It must have been very tempting for Nolan to return to a franchise that he made his name on. The demand was high, the money was available, and Nolan now had the punch of majority control on any movie he wanted to make. But as always, if Nolan were to return to Gotham it would be by his own rules; he was about to reintroduce the concept of an intelligent blockbuster.
Following the ‘rest bite’ of The Prestige, he had renewed vigor and a fresh palette of ideas for Bruce Wayne and company. The premise of The Dark Knight is simple; how do you nourish the idea of character study established in the first film? The answer was self-evident; you destroy everything. With chaos being the central theme of The Dark Knight, Nolan was now in full swing of creating a huge spectacle. But with The Dark Knight, he put emphasis on the action being reflective of the characters it involved, every nuance of destruction helps to flesh out those implicated. Aside from looking downright awesome, one cannot help but notice that the flipping truck denotes desperation (a last ditch attempt of an “immovable object” stopping an “unstoppable force”). The Hong Kong siege illustrates the unwavering determination and resourcefulness of Bruce Wayne, as does the “clowns are the hostages” sonar assault. Then you have the opening bank job…but more on that later.
In terms of motifs, the usual Nolan suspects are all present and accounted for in The Dark Knight, with some of the lesser used ones taking a more prominent place; most notably betrayal. The relationship developed between Bruce and Rachel is amped up and given new life by a stronger actress (Maggie Gyllenhaal), then crow barred into relevance by the involvement of Harvey Dent. Once again, its Rachel’s existence in The Dark Knight that proves key to the creation of Two-Face, and the near downfall of Batman. Another prominent Nolan-esque feature is the Insomnia-style tinkering of conventions established by prior Batman films – the drawing of Batman from the shadows into daylight. He uses the jarring imagery of Batman in brightly lit rooms to show a stark difference in the villainy of the Joker. The fear that Batman utilizes from moving in darkness is stripped from him by a pressing need to be more of an out and out force for good against the one man in Gotham who doesn’t feel trepidation.
Many critics have taken umbrage at the dense plot and assumptive dialogue of the film, but if anything, it shows that Nolan is unwilling to present films for the sake of entertainment. He does, of course, want people to enjoy his films, but he also wants to make them resonate, to be worth revisiting; and we all know that with a film as detailed as The Dark Knight every viewing experience is as fresh and rewarding as the last.
Stand Out Moment:
There are so many excellent scenes within The Dark Knight, and it is hard to cherry pick just one. However, this scene is first out of the gate, and as a result becomes the most haunting. Remember that whole monologue I delivered earlier about Nolan providing inspired entrances for major characters? Well imagine seeing this sequence for the first time in glorious IMAX.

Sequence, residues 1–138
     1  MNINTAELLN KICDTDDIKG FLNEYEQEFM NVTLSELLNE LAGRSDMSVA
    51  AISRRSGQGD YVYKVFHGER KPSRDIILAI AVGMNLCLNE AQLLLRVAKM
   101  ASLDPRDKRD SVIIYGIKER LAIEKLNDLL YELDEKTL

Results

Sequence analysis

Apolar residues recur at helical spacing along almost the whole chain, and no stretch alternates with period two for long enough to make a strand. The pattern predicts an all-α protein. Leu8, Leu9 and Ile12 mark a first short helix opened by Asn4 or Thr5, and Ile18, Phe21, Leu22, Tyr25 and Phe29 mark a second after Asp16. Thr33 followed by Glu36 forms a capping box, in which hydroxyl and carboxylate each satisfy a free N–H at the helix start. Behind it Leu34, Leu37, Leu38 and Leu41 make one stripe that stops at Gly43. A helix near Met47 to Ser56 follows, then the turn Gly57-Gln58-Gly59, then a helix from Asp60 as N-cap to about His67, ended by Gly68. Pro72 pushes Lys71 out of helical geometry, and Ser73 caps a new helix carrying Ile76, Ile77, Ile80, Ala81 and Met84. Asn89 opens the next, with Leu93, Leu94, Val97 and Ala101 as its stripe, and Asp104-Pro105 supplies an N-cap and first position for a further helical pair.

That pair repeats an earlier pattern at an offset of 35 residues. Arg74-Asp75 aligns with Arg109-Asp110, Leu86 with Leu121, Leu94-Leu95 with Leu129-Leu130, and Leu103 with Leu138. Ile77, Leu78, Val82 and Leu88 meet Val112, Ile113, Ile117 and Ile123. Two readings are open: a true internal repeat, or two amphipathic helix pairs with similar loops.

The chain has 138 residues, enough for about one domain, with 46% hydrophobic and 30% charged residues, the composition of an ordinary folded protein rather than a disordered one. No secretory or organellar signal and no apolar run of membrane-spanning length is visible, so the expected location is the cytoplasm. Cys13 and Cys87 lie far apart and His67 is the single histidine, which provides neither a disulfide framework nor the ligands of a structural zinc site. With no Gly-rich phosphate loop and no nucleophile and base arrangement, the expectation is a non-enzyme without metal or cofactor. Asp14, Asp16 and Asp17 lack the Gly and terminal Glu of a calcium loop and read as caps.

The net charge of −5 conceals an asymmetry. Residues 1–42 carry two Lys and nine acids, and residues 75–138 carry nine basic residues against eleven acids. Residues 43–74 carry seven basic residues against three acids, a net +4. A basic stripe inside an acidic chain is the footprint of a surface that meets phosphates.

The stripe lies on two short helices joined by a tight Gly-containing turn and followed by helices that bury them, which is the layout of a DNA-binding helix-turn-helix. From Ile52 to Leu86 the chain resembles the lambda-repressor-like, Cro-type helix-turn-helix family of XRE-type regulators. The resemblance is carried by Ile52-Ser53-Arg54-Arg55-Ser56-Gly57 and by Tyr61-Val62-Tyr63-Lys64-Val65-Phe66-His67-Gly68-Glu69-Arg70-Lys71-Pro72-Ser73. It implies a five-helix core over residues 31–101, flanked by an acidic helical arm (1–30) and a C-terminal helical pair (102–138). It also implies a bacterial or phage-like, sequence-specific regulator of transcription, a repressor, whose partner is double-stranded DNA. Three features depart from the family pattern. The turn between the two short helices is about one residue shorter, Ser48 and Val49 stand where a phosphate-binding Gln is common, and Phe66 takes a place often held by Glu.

Sweeping in to a bright, sunny Gotham, a window suddenly shatters. Two men in masks fire a high-tension cable from the opening to a nearby rooftop, they hook on and descend. Meanwhile, an unidentified man stands quietly at a street corner; clown mask in hand. A car approaches and he gets in. The men attend a nearby bank and gracefully start to rob it. One by one, the robbers begin to kill each other, eventually leaving two under fire from a bank manager. The man from the street shoots him in the leg, shortly followed by the last male from the vault figuring out the scheme, “he asked you to kill me, didn’t he?” The man from the street responds, “no, no, no. I kill the bus driver.” A moment of confusion, “bus driver? What bus….” Suddenly a large yellow school bus comes ripping through the wall, hitting the robber with full force. After loading the bus with the money, the man from the street kills the bus driver (as promised). He approaches the bleeding bank manager, who is running his mouth about criminals with ethics; “What do you believe in!?” The man from the street approaches him, he puts a grenade in his mouth and says; “I believe that whatever doesn’t kill you makes you…” He lifts of his clown mask to uncover a face much more gruesome than we could have imagined, The Joker has arrived. He smiles and finishes his sentence, “…stranger.”
What an iconic way to introduce such an iconic character. This would prove to be Heath Ledger’s last and greatest performance, and would cement The Dark Knight’s legacy as the greatest comic book film ever; if not one of the greatest films ever. But it all starts with this spectacular bank robbery, second to the genius of Michael Mann’s Heat, and finishes with a shocking and cheer inducing reveal. Even if Nolan had never made another film after this, it would still be enough to etch his name into the history books of cinema.
Nolan on The Dark Knight:
“If you assess the film carefully and analyze it with other films, it’s not a particularly violent film actually. There is no blood. Very few people get shot and killed, compared with other action films,” said Nolan. “There’s plenty of violence in the film, believe me. We tried to shoot it and dress it in a very responsible way so that the intensity of the film comes more from the performances and the idea of what’s happening and what might happen. A lot of the intensity comes from the threat of those things that may happen that then don’t. There’s definitely an intensity to that.”
While it customary to use 2nd unit directors for action and assistant directors for ‘pick up’ shots, Nolan insists on filming every single frame in his movies.